A new initiative at the UCLA Luskin School of Public Affairs is strengthening connections among urban planning students, educators and practitioners from across the Americas.
Ciudades, as the Latin American Cities Initiative is known, taps into the expertise of scholars and professionals whose cultural, historical and geographical ties run deep, said Paavo Monkkonen, director of the venture and associate professor of urban planning and public policy.
“Los Angeles shares an early history of urbanization with many cities across the Americas,” said Monkkonen, whose research into housing, land use and sprawl in Mexico and other countries inspired him to establish Ciudades, with support from UCLA Luskin Dean Gary Segura.
“Academia and professional practice can benefit a lot from greater levels of communication,” and that interplay creates a spirited teaching environment, Monkkonen said. “Planners in Los Angeles and across California’s cities can learn a lot from the urbanism of Latin America.”
The mission of Ciudades is expansive, Monkkonen said.
“Urbanists can learn from one another’s experiences with issues ranging from public space, mobility, historical preservation and redevelopment to indigeneity, local democracy, integration and local public finance,” he said.
Since its launch in January, Ciudades has pursued an ambitious agenda: a weekly speaker series; a binational workshop bringing together city, state and federal leaders from California and Mexico; creation of an inclusive website, with translations in Spanish and Portuguese; and an effort to fund student research and internships.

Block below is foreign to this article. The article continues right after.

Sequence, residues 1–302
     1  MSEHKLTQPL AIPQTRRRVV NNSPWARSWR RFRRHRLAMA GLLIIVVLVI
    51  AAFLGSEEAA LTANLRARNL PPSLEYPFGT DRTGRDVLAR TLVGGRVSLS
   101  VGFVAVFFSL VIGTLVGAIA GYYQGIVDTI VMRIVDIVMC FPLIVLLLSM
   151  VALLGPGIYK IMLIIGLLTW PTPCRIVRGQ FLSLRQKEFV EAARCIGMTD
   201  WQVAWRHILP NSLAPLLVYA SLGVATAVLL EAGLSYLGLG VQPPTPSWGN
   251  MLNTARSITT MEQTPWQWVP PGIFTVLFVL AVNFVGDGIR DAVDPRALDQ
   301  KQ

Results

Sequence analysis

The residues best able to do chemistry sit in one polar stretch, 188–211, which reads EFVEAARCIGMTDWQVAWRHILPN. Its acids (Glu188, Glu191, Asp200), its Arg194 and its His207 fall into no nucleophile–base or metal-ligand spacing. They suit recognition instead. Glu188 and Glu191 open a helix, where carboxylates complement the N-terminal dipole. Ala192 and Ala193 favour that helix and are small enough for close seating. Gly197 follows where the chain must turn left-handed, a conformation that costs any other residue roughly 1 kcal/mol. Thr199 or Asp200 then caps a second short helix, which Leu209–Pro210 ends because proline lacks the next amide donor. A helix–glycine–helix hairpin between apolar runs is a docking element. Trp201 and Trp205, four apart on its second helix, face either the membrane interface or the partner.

Monkkonen is also exploring partnerships with Latin American universities, to augment the international opportunities the Luskin School’s urban planning department already offers in Germany, France and China. And he envisions annual field visits to Latin American cities, with faculty from all three Luskin School graduate departments — public policy, social welfare and urban planning — invited to participate.
The connections that Ciudades is forging will make UCLA Luskin a draw for graduate students, planners and policymakers from across the region, Monkkonen said.
“We hope that this initiative is the beginning of something larger that deepens connections and intellectual exchange with students, educators and professionals across South, Central and North America,” he said.